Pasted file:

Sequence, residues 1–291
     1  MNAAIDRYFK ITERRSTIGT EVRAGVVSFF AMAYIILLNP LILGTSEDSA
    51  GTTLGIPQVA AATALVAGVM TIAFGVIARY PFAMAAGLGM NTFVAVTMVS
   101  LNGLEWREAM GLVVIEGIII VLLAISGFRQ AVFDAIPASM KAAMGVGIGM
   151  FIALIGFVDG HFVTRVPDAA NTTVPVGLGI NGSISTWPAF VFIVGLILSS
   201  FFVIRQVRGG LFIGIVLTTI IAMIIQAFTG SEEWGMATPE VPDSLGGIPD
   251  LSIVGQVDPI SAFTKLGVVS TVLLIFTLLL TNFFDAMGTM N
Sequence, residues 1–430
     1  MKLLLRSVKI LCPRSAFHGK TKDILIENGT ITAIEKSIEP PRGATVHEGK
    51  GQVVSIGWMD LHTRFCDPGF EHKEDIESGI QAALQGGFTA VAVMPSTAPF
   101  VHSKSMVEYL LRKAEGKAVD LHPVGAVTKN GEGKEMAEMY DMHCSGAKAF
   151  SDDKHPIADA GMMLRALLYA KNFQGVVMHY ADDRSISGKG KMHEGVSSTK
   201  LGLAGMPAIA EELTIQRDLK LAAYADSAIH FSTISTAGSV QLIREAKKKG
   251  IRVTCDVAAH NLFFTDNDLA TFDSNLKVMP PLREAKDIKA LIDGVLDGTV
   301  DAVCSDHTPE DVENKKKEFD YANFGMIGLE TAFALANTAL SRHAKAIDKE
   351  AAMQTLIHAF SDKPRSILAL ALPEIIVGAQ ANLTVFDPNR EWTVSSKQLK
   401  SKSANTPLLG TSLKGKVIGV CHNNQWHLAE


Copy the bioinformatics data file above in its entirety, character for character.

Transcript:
Sequence, residues 1–291
     1  MNAAIDRYFK ITERRSTIGT EVRAGVVSFF AMAYIILLNP LILGTSEDSA
    51  GTTLGIPQVA AATALVAGVM TIAFGVIARY PFAMAAGLGM NTFVAVTMVS
   101  LNGLEWREAM GLVVIEGIII VLLAISGFRQ AVFDAIPASM KAAMGVGIGM
   151  FIALIGFVDG HFVTRVPDAA NTTVPVGLGI NGSISTWPAF VFIVGLILSS
   201  FFVIRQVRGG LFIGIVLTTI IAMIIQAFTG SEEWGMATPE VPDSLGGIPD
   251  LSIVGQVDPI SAFTKLGVVS TVLLIFTLLL TNFFDAMGTM N
Sequence, residues 1–430
     1  MKLLLRSVKI LCPRSAFHGK TKDILIENGT ITAIEKSIEP PRGATVHEGK
    51  GQVVSIGWMD LHTRFCDPGF EHKEDIESGI QAALQGGFTA VAVMPSTAPF
   101  VHSKSMVEYL LRKAEGKAVD LHPVGAVTKN GEGKEMAEMY DMHCSGAKAF
   151  SDDKHPIADA GMMLRALLYA KNFQGVVMHY ADDRSISGKG KMHEGVSSTK
   201  LGLAGMPAIA EELTIQRDLK LAAYADSAIH FSTISTAGSV QLIREAKKKG
   251  IRVTCDVAAH NLFFTDNDLA TFDSNLKVMP PLREAKDIKA LIDGVLDGTV
   301  DAVCSDHTPE DVENKKKEFD YANFGMIGLE TAFALANTAL SRHAKAIDKE
   351  AAMQTLIHAF SDKPRSILAL ALPEIIVGAQ ANLTVFDPNR EWTVSSKQLK
   401  SKSANTPLLG TSLKGKVIGV CHNNQWHLAE